After concluding my recent re-watch of Batman, I was reminded that I still don’t believe this was a good Batman story, nor was it an overall good approach to Batman as a character. There are many flaws in this film, both in terms of certain choices that were made by Tim Burton during script re-writes, but even during production and filming. Let me first start with some positive aspects–those of which were the impetus for me even plunking down money to buy the Blu-ray. I posit the reason why I find myself still able to watch this film, is because I consider it to be an excellent art piece and of its time. If I were to remove Batman out of the picture, stylistically speaking, I love many of the things that Tim Burton was able to accomplish. Everything from the set designs to the lighting and general overall gothic look and tone are befitting to a live action film set in the fictional universe of Gotham City. I’ve always thought of Gotham City as a place like New York, but incredibly dilapidated and run down after many years of neglect and abuse by rampant crime. With that being said, the design choices made by Burton and his crew worked exceedingly well. Yes, I know Christopher Nolan’s Batman trilogy is mostly set in real cities such as Chicago, and I can respect his realistic real-world approach, but I prefer bringing Batman to the big screen in what should clearly be a fictional looking city. For the most part, the costumes of all characters, sans Batman himself, are pretty fantastic. Believe it or not, I still hear people today debating the merits of the all black costume with yellow bat emblem that we ended up with in this film. As a big fan of the character and comics that I grew up with, I prefer the black and grey look with large black bat emblem splayed across the chest. The biggest grievance I, perhaps most people, have with Keaton’s costume is that he clearly couldn’t rotate his neck at all. Because the cowl was one solid rubber piece, it meant he had to rotate his body around in order to look in a different direction, which makes things look a bit awkward to say the least. Many years later, Christopher Nolan would address this problem in The Dark Knight sequel, where it was worked into the plot that Bruce needed a new suit because of this issue (when confiding to Lucius Fox). What they ended up with was a cowl that was a completely separate piece from the rest of the suit. It really made more sense and when you see Batman moving on-screen, he looks way more comfortable and natural.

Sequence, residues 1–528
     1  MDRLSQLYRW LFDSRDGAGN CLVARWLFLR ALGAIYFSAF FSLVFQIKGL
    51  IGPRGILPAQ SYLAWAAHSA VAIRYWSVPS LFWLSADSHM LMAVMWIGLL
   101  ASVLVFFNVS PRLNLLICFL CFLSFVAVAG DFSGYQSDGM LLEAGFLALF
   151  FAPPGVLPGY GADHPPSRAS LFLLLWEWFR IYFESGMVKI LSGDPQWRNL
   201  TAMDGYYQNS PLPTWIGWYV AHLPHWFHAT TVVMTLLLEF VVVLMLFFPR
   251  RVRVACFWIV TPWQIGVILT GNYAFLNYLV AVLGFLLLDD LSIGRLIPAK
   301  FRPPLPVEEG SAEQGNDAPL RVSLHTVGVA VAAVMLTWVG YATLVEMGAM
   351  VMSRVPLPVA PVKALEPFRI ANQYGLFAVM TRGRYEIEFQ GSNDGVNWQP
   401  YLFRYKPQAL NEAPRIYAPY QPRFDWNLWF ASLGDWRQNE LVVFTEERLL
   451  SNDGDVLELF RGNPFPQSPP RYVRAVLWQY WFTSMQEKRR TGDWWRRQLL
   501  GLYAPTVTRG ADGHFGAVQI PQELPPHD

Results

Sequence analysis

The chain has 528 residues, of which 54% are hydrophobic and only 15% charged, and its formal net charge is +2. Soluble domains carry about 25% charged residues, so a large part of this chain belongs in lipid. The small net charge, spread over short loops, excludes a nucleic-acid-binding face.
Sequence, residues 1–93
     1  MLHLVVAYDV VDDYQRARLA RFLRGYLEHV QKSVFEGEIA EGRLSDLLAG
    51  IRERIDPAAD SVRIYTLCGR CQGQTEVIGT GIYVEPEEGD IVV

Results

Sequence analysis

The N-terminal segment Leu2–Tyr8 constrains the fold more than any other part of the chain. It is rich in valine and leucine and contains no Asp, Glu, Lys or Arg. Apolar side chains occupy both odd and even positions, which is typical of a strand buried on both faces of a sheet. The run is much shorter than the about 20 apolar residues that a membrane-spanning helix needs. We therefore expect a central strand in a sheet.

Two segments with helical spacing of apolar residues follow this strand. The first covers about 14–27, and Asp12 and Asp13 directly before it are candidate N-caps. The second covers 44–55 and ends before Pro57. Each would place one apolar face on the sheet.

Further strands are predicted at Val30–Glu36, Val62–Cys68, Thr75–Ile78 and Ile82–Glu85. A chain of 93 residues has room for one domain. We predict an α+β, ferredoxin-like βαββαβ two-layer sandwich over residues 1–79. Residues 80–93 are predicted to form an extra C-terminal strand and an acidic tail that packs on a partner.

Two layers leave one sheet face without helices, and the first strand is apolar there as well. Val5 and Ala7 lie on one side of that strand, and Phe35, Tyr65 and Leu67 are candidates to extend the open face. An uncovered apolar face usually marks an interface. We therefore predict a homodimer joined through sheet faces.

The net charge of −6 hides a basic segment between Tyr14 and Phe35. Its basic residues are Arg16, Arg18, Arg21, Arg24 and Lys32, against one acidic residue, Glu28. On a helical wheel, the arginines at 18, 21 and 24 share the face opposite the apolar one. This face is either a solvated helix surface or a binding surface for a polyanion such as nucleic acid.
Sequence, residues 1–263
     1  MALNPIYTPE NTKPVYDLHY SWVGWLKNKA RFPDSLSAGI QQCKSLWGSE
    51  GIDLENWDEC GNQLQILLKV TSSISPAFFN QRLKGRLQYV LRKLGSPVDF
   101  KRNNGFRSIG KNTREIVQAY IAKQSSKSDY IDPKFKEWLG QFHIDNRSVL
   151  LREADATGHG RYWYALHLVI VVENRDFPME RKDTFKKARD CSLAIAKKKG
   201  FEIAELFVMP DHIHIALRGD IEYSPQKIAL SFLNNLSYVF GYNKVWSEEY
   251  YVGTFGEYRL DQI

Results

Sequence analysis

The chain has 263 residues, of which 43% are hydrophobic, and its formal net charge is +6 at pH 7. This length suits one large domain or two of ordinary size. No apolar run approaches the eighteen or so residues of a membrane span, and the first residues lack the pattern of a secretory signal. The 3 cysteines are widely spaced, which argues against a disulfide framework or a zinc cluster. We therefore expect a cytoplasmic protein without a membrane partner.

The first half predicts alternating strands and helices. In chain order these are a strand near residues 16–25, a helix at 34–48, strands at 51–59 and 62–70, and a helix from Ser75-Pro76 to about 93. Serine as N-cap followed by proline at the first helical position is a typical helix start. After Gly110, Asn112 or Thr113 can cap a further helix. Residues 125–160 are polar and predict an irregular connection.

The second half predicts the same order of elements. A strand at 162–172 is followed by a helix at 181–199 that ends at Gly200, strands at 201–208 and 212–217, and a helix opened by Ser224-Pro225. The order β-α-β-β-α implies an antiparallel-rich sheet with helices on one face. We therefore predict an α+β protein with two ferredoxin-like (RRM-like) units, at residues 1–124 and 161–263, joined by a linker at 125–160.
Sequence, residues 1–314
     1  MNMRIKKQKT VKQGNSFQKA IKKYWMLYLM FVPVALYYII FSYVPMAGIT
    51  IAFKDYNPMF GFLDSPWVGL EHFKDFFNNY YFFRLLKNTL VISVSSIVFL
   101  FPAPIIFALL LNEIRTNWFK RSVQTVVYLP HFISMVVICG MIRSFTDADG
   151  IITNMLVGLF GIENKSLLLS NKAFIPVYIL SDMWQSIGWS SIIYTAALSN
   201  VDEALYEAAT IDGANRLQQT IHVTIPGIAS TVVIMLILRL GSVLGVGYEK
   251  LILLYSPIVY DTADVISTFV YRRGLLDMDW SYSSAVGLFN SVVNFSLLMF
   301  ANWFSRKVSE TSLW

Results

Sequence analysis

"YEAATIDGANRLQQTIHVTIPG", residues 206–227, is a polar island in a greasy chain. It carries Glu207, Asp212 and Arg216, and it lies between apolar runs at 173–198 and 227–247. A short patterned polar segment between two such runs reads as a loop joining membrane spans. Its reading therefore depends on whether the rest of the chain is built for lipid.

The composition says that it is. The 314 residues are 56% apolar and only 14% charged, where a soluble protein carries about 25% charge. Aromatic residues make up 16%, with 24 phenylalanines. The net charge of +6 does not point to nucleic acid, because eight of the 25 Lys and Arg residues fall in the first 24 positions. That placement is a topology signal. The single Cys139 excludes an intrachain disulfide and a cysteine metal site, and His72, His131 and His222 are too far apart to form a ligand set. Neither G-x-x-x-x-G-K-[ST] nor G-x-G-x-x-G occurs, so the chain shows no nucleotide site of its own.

I have strong feelings about Michael Keaton in the role of this character. Both height and build problems aside, he wasn’t the right choice to pick for someone to play both Bruce Wayne and Batman accurately. Keaton is a great actor, and even if he had worked with a personal trainer to make his physique look athletic and believable (yes, Batman needs to look like he can cripple someone with his hands tied behind his back), his hight is unmistakable and obvious on-screen. Next to most of the actors, in so many scenes, he is clearly shorter than them. This irritated me right near the beginning of the film, where we see reporter Alexander Knox talking to Lt. Eckhardt about how “there’s a six-foot bat in Gotham City.” Batman is said to be over six feet in the comics, which helps him have an imposing stature over most of the criminals he encounters in the shadows. After all, criminals are a superstitious and cowardly lot. If you were one, would you not be somewhat unnerved by a dark shadow moving swiftly through a dank and dirty alley? I know I would. Beyond physical appearances, a fundamental problem that is hard to overlook, is the fact that Batman overtly kills people. I concede that people who have been around Batman have died in the comics, but in Burton’s film (made worse in Batman Returns), he even tells the Joker during the climax that he’s going to kill him–he even follows through on that promise by flat out killing him in the end. Sure, it’s not like he put a gun to the Joker’s face and pulled the trigger, but Batman knew what he was doing when he fired that grappling gun to secure the Joker’s leg to the gargoyle so he couldn’t escape via helicopter (oh, and couldn’t the pilot have moved the helicopter a foot or two so that the Joker would have landed on the roof?). This was just too much for me and left a bad taste in my mouth. This is not the Batman that I grew up with. Another peculiar decision made, and I’m not sure if it was Burton or not, is why Bruce Wayne is seen wearing glasses in so many scenes. Is he far-sighted? Near-sighted perhaps? Sorry Tim, but you totally tossed any believability out the window of a man fighting crime with even the slightest form of astigmatism.